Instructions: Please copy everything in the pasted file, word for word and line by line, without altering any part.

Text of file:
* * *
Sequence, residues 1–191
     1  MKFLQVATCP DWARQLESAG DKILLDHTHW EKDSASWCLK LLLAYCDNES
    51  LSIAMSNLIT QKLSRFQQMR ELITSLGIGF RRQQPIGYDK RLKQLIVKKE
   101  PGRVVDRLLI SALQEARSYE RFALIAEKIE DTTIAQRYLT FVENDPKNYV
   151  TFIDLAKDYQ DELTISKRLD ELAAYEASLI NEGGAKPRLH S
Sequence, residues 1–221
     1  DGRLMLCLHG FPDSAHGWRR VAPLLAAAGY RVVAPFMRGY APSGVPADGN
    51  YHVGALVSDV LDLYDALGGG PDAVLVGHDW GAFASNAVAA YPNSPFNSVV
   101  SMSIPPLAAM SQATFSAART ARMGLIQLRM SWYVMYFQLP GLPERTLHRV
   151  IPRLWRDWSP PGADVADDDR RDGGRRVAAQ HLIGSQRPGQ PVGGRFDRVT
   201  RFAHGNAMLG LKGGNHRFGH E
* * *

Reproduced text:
Sequence, residues 1–191
     1  MKFLQVATCP DWARQLESAG DKILLDHTHW EKDSASWCLK LLLAYCDNES
    51  LSIAMSNLIT QKLSRFQQMR ELITSLGIGF RRQQPIGYDK RLKQLIVKKE
   101  PGRVVDRLLI SALQEARSYE RFALIAEKIE DTTIAQRYLT FVENDPKNYV
   151  TFIDLAKDYQ DELTISKRLD ELAAYEASLI NEGGAKPRLH S
Sequence, residues 1–221
     1  DGRLMLCLHG FPDSAHGWRR VAPLLAAAGY RVVAPFMRGY APSGVPADGN
    51  YHVGALVSDV LDLYDALGGG PDAVLVGHDW GAFASNAVAA YPNSPFNSVV
   101  SMSIPPLAAM SQATFSAART ARMGLIQLRM SWYVMYFQLP GLPERTLHRV
   151  IPRLWRDWSP PGADVADDDR RDGGRRVAAQ HLIGSQRPGQ PVGGRFDRVT
   201  RFAHGNAMLG LKGGNHRFGH E